Masks will still be required for students for at least a week or two after they return to Nova Scotia schools next month, although much of their routine will look the way it did before COVID-19 arrived in the province.
Premier-designate Tim Houston and Dr. Robert Strang, the province's chief medical officer of health, released Nova Scotia's back-to-school plan Monday. Students return to class Sept. 7, with teachers and administrators heading back before that.
When classes resume, masks will be required for anyone inside school buildings or on a bus. Masks can be removed for eating and drinking and participating in physical activity.
When the province reaches Phase 5 of its reopening plan, tentatively scheduled for Sept. 15, schools will transition to masks being optional, with support for those who wish to continue using them.
"With our epidemiology in this province, with our vaccination rates in this province, and our history — schools have been safe in this province through the whole pandemic," Houston told reporters during his first briefing alongside Strang since last week's provincial election.
"So I think when you factor in those things, I had great comfort in the plan I saw."
School will be as familiar as possible
There will be ongoing inspections and maintenance of school ventilation systems. Along with the mask requirement, high-touch surfaces will continue to be cleaned regularly and hand sanitizer will be readily available.
The school year will begin with full in-class learning, as well as the continued use of outdoor learning spaces. School counsellors, SchoolsPlus staff and other support systems will be in place and ready for students requiring assistance.
Music classes, band and sports will fully resume and students will have access to lockers and extracurricular activities. Community groups will be able to access gyms as long as they're following public health measures.
Strang said the current case count and the province's epidemiology justifies the approach the Education Department proposed. He said students and teachers can expect a more normal year than the last two, when COVID forced the shutdown of schools several times and a shift to online learning models.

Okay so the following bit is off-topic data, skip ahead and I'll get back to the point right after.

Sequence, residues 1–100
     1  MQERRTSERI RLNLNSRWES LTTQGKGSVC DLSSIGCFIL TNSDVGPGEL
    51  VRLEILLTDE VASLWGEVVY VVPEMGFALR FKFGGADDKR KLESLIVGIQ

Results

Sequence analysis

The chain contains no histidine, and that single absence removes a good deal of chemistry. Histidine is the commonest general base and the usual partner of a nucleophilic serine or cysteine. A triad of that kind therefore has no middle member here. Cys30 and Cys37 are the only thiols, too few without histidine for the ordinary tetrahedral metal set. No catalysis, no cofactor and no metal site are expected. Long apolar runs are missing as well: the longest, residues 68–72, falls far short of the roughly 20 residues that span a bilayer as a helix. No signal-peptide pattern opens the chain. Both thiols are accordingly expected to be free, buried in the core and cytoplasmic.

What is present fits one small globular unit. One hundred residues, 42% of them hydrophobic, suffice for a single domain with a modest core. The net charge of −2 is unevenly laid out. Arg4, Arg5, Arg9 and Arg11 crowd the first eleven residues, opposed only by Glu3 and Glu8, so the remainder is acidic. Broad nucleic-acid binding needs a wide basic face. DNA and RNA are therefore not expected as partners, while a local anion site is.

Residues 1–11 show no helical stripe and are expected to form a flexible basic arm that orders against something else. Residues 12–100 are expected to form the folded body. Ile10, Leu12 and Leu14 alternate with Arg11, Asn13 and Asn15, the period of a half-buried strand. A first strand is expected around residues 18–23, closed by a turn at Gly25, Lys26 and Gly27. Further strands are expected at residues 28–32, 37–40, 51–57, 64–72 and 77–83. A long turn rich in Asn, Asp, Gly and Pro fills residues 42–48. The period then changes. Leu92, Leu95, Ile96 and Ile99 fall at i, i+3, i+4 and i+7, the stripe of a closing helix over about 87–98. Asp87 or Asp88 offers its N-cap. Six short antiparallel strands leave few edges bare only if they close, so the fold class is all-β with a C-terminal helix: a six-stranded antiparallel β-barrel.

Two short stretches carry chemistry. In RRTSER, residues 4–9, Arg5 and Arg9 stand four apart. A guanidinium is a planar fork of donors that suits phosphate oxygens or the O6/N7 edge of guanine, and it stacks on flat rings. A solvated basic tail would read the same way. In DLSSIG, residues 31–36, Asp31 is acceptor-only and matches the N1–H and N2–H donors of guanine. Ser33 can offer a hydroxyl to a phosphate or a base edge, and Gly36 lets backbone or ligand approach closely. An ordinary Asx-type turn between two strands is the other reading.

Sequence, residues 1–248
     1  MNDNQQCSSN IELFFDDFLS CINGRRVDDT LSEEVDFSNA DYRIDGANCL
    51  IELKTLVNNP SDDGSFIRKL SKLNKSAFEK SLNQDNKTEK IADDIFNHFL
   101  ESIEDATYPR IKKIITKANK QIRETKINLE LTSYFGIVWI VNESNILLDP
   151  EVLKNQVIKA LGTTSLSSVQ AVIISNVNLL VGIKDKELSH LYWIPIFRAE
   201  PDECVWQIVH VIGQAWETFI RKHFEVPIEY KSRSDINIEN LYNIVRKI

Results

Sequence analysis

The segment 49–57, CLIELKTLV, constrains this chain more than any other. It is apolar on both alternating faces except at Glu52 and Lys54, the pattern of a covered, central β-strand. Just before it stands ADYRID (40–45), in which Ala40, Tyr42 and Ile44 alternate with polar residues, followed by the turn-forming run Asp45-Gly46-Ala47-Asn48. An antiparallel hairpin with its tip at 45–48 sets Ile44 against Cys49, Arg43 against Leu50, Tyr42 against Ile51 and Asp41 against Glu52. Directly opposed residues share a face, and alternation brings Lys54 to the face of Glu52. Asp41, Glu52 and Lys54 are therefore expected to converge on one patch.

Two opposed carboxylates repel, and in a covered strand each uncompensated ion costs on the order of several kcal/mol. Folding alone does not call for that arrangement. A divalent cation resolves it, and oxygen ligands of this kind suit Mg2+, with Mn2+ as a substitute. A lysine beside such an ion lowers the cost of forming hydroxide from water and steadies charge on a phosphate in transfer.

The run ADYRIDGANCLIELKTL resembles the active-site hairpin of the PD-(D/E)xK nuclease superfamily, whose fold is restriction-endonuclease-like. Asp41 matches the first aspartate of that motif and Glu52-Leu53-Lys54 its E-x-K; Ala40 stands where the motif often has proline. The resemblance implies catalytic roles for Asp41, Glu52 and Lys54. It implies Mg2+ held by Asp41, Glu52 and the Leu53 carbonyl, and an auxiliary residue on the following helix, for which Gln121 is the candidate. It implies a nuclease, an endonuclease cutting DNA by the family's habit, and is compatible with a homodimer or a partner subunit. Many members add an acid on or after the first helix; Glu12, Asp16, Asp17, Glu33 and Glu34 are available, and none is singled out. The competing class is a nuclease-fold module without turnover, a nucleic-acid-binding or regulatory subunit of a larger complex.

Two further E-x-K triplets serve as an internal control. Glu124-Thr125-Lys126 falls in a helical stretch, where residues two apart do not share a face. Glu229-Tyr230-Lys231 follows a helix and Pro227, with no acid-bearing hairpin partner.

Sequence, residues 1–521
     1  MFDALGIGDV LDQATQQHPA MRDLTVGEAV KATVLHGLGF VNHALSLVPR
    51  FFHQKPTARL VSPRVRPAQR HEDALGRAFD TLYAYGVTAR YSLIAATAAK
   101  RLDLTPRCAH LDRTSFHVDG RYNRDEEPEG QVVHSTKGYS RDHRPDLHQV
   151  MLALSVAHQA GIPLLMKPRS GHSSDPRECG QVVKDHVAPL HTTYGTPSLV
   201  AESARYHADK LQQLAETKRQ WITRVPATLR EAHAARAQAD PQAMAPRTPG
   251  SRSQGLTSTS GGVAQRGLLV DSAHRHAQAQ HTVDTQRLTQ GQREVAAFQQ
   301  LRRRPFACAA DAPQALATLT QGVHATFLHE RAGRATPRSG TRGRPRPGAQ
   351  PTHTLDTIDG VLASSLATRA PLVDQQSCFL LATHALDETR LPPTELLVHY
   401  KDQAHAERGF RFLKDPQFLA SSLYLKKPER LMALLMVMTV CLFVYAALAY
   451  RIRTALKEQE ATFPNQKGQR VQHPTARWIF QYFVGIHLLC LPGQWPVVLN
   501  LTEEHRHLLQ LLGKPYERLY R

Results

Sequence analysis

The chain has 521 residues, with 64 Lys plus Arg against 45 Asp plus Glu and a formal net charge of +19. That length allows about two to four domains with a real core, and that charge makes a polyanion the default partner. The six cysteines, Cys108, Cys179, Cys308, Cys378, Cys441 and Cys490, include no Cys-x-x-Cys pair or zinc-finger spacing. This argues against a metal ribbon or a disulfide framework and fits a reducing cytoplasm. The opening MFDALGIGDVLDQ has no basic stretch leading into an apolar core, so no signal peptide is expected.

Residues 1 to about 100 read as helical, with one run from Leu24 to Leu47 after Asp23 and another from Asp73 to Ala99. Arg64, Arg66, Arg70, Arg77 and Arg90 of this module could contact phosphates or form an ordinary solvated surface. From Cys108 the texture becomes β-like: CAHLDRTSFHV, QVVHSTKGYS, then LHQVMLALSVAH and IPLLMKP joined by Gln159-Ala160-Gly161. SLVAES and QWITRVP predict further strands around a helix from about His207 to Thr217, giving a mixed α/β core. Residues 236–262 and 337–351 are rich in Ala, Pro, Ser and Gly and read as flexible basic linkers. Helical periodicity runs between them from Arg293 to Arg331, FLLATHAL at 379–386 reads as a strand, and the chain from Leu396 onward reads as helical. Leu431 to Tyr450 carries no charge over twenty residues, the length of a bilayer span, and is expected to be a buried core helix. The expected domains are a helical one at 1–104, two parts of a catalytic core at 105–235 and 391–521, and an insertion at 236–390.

"In-person schooling is vital for child and youth development. We need school to be as familiar as possible while keeping staff and students as safe as possible," said Strang.
Non-essential visitors will be permitted in schools, but they must follow public health safety protocols, and virtual visits and meetings are being encouraged. Parents and guardians of pre-primary and Primary students will be able to visit schools on their child's first day.
Should public health measures necessitate it, at-home learning would go ahead using a similar approach as last school year.
While neighbouring New Brunswick is requiring teachers to either show proof of vaccination or be tested regularly, Houston said that isn't being considered in Nova Scotia. He said the province is looking at an overall vaccine policy, but right now the province favours an education-based approach to encouraging people to get vaccinated.
Strang noted the majority of teachers in the province are 35 or older — age categories performing the best in terms of vaccine uptake.
"I don't think we have a huge amount of unvaccinated teachers out there," said Strang.
Teachers union welcomes plan
Nova Scotia Teachers Union president Paul Wozney told CBC News he's pleased the plan is now public, and that it seems to strike a good balance between keeping schools safe while taking into account current epidemiology.
Wozney said he's especially pleased to see the return of all hands-on learning, including in the arts and music.
"A lot of what engages many students is that hands-on, experiential learning," he said.
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